All Things Considered

Monday through Friday, 3pm - 7pm; Saturday and Sunday, 4pm - 5pm
  • Hosted by Robert Siegel, Audie Cornish, Kelly McEvers and Ari Shapiro
  • Local Host Jenna Dooley

Since its debut in 1971, All Things Considered has delivered in-depth reporting and transformed the way listeners understand current events and view the world.  Every weekday afternoon, hosts Robert Siegel, Audie Cornish, Kelly McEvers and Ari Shapiro bring listeners breaking news mixed with compelling analysis, insightful commentaries, interviews, and special - sometimes quirky - features.  WNIJ airs a one-hour edition of the program at 4pm on Saturday and Sunday.

Copyright 2018 NPR. To see more, visit http://www.npr.org/.

MARY LOUISE KELLY, HOST:

OK, let's go back to that moment when two women confronted Senator Jeff Flake in an elevator on Capitol Hill about the sexual assault allegations against Brett Kavanaugh.

(SOUNDBITE OF ARCHIVED RECORDING)

Updated at 8:35 p.m. ET

Senate Majority Leader Mitch McConnell has a message for Republican voters who are celebrating the confirmation of Supreme Court Justice Brett Kavanaugh: Get to the polls in November if you want more conservatives sitting on judicial benches.

Copyright 2018 NPR. To see more, visit http://www.npr.org/.

MARY LOUISE KELLY, HOST:

OK, let's go back to that moment when two women confronted Senator Jeff Flake in an elevator on Capitol Hill about the sexual assault allegations against Brett Kavanaugh.

(SOUNDBITE OF ARCHIVED RECORDING)

Copyright 2018 NPR. To see more, visit http://www.npr.org/.

MARY LOUISE KELLY, HOST:

Questlove on "chasing ghosts"

16 hours ago

If you watch late night TV — "The Tonight Show Starring Jimmy Fallon," in particular — you probably know the show’s house band, The Roots. And perhaps you'd recognize its drummer and frontman, Questlove, aka Ahmir Khalib Thompson.

Thompson is also a DJ, a producer, an author, a foodie, and a podcaster on Pandora with "Questlove Supreme." He came into the studio Thursday to talk with Marketplace host Kai Ryssdal. The following is an edited transcript of their conversation.

Why do gas prices end in 9/10 of a cent?

16 hours ago

This series originally ran during February 2014. We're republishing it today in light of our Make Me Smart podcast's new Explainathon episode, which included the first question here. The rest are good too, and the original article appears below.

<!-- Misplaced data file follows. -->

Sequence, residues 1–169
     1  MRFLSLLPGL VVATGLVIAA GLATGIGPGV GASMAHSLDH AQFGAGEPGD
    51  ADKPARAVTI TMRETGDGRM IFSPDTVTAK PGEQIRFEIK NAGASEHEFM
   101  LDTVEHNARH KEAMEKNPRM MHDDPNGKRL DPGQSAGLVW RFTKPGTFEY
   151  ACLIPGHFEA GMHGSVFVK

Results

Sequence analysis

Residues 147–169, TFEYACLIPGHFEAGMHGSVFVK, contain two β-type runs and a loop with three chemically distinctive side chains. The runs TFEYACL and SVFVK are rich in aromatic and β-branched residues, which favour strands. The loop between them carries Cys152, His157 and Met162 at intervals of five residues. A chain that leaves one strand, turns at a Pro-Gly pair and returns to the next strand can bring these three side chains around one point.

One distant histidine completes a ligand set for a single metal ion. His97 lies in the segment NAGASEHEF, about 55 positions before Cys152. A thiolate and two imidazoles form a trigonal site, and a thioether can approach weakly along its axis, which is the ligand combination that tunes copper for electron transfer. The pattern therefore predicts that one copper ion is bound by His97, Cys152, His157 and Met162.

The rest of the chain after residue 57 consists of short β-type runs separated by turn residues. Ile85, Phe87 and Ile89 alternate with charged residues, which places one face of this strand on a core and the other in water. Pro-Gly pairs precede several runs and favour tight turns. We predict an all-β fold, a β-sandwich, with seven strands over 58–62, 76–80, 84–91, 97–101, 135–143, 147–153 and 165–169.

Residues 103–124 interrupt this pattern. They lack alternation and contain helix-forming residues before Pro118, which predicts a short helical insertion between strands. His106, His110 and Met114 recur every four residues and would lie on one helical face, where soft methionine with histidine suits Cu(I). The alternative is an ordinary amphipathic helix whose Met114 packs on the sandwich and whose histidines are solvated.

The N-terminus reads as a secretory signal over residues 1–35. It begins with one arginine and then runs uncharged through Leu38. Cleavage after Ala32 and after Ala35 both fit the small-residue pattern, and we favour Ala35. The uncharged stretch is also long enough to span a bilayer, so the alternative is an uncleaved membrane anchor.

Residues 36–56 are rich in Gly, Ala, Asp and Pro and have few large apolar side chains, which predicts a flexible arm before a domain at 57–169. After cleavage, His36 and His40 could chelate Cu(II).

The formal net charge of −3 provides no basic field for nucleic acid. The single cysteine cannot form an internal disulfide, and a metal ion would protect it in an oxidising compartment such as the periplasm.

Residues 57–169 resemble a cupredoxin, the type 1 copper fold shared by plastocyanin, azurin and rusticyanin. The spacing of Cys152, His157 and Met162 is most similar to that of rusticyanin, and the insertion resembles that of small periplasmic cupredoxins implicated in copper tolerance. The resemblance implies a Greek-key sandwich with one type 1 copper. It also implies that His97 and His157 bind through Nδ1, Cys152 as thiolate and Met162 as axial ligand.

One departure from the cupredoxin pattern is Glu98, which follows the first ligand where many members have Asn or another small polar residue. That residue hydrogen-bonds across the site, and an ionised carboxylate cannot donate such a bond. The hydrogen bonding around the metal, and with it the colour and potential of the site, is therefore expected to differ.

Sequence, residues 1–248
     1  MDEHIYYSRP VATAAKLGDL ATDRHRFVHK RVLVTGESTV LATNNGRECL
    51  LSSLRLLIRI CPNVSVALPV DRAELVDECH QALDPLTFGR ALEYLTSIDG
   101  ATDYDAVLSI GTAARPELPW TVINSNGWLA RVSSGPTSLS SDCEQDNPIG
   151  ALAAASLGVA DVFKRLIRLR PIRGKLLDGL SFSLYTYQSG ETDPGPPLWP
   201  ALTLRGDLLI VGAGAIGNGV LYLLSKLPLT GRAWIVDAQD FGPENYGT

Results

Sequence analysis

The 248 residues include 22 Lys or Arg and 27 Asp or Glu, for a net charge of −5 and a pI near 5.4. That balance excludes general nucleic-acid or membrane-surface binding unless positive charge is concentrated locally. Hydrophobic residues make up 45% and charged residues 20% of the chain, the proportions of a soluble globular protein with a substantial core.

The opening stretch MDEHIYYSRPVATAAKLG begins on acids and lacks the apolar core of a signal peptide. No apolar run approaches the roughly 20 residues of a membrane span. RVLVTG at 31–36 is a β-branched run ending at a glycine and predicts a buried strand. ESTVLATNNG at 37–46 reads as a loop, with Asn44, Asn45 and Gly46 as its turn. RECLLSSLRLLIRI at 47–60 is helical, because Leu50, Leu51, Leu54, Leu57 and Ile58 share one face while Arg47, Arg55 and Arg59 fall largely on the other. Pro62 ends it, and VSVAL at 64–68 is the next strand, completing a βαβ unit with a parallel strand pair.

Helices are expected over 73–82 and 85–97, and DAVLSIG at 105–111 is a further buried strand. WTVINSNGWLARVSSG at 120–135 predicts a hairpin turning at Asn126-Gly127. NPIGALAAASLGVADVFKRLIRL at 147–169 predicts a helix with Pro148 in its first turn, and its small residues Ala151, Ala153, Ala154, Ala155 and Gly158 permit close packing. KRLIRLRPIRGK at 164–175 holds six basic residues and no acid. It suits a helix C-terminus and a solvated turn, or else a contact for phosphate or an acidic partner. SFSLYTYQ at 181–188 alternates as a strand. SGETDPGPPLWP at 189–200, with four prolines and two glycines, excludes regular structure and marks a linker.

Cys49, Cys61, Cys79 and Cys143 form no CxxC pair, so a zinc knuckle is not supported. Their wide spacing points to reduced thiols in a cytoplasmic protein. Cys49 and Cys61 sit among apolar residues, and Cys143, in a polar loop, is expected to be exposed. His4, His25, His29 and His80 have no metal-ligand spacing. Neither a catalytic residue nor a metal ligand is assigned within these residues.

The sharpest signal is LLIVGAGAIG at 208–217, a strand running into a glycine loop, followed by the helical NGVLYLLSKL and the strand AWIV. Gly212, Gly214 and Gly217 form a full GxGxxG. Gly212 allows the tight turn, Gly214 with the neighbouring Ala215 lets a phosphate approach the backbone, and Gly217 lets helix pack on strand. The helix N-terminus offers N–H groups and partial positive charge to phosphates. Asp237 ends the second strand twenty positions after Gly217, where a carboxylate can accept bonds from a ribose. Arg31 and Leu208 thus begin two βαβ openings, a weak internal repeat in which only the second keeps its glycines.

For those of you who have stockpiles of Forever Stamps, some good news: the post office is planning to hike their prices.

The U.S. Postal Service has proposed increasing the price of its first-class mail Forever Stamp from 50 cents to 55 cents, which would take effect on Jan. 27 of next year. (However, the price for any additional ounces will drop from 21 cents to 15 cents.) Like the name suggests, this piece of postage doesn't expire.

What's better than no fees? Negative fees.

16 hours ago

Roughly one in three people in the United States have less than $5,000 in retirement savings, but for those lucky enough to have some money stashed away, the cost of investing has been getting lower and lower. Management fees for mutual funds have dropped to fractions of a percent over the last decade, and some funds have no fees. So what's driving the fee wars? What do institutions get out of it? We'll talk about it. Then, a conversation with Ahmir Khalib Thompson, better known as Questlove of the legendary Roots crew, about deciding to accept his biggest job offer.

Like many Oakland residents, Candice Elder, 34, is alarmed at the rapidly increasing number of people pitching tents on sidewalks and under freeways in the city.

Unlike most residents, Elder has worked at dozens of homeless encampments as part of a team providing “rapid response services on call 24-7,” including food, crisis management and medical assistance.

At the end of every month, the Bureau of Labor Statistics releases an updated percentage estimating how many Americans are unemployed. But the question always comes up, what exactly does employed mean?

Say you’re a part-time barista, part-time Uber driver, when-you-really-need-the-money-time IKEA-furniture-assembler, what kind of employed are you? Don’t worry, you’re not the only one asking the question: The Bureau of Labor Statistics is confused too.

Could a vacancy tax help Oakland with homelessness?

20 hours ago

(Markets Edition) We take a look at inflation numbers in light of the Consumer Price Index’s rise by a tenth of a percent last month. Then we talk about pollution from a seemingly unlikely source: meat. Large meat processors have released more pollution than acceptable in streams and rivers according to a new study.

Global stocks retreat as U.S. worries spread

Oct 11, 2018

(Global Edition) From the BBC World Service … Stock markets around the world are in retreat as a selloff ricochets from the U.S. Is it the latest buy-the-dip opportunity or are there more serious risks at play? Then, a conference on the illegal trade in wildlife opens Thursday in London – it's worth $22 billion a year, making it the fourth-biggest transnational organized crime. Afterwards, prepare for takeoff: The world’s longest non-stop flight, from Singapore to New York, clocks in at 19 hours and launches Thursday.

The whole multitrillion dollar promise of 5G and its millions of jobs and new businesses is just a pipe dream without infrastructure. Unlike 4G, which can be delivered through a relatively small number of tall towers, 5G wireless service relies on lots and lots of small receivers placed fairly close together. And installing all those little 5G cells is turning into a big fight. (10/11/18)